"We know generations are also shaped by outside forces such as world events, which could change their views as well," Graf added.

Figuring out life

Conventional wisdom says youths tend to be more liberal than their parents, becoming more conservative as they age. Study results aren't clear on whether that's always true. But the Pew report does say Generation Z is "moving toward adulthood with a liberal set of attitudes and an openness to emerging social trends."

Heather Tuttle

The report compared five generations: The Silent Generation, baby boomers, Generation X, millennials and Gen Z. The generation coming up behind Gen Z, by the way, is already being referred to by some as Generation Alpha.

Among the findings:

  • Generation Z and millennial respondents were more apt than their elders to support interracial and same-sex marriage.
  • About a third of Gen Z said they personally know someone who uses gender-neutral pronouns, compared to a fourth of millennials. Among previous generations, the numbers are much lower: Gen X at 16 percent, boomers at 12 percent and silents at 7 percent.
  • Gen Z respondents were also the most likely to think information forms should offer more choices than "man" or "woman" to designate gender (Gen Z, 59 percent; millennials, 50 percent, and fewer than 40 percent for previous generations).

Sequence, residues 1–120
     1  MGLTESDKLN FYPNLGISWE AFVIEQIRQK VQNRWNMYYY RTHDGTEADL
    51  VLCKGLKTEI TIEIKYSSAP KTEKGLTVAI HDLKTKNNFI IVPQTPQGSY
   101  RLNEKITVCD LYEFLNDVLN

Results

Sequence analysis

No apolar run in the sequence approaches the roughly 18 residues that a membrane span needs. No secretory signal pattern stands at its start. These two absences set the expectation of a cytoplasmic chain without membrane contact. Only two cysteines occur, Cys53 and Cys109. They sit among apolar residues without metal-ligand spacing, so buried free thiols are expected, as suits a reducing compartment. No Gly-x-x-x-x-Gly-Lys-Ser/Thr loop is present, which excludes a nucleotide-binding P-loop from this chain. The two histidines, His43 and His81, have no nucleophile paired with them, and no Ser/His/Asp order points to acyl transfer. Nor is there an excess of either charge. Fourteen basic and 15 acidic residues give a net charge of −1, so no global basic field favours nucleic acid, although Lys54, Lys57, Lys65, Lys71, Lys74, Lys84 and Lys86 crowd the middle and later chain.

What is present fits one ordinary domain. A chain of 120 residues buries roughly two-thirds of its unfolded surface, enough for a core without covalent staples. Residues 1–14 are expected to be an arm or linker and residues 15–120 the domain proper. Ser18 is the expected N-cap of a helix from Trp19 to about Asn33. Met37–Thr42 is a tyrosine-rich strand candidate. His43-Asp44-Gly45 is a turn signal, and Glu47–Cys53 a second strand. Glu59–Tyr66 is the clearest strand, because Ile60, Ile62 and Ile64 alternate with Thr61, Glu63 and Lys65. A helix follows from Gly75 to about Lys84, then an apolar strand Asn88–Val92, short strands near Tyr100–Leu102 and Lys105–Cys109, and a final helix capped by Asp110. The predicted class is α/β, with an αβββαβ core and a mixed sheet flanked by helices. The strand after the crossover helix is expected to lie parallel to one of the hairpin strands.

• Fewer than a third approve of Donald Trump's presidency, compared with more than half of "silents," and think government should do more to solve problems (70 percent of Gen Z and 64 percent of millennials, compared with half or fewer for previous generations).
  • More than 60 percent of millennials and Gen Z think "increasing racial/ethnic diversity is good for society."
  • Just over 60 percent of the two youngest generations also approve of NFL players kneeling during the national anthem to protest. Less than 30 percent of the silent generation agree.

The survey also found areas of accord. "When it comes to the merits of having more women running for political office, majorities across generations say this is a good thing for the country. Majorities in each generation also say that, on balance, legal immigrants have had positive impact on the U.S.," the report said.

Heather Tuttle

The line separating generations can vary as researchers choose different start dates to analyze a new generation. Pew says the last millennials were born in 1996, so Gen Zers were between ages 13-21 when the surveys were conducted in 2018.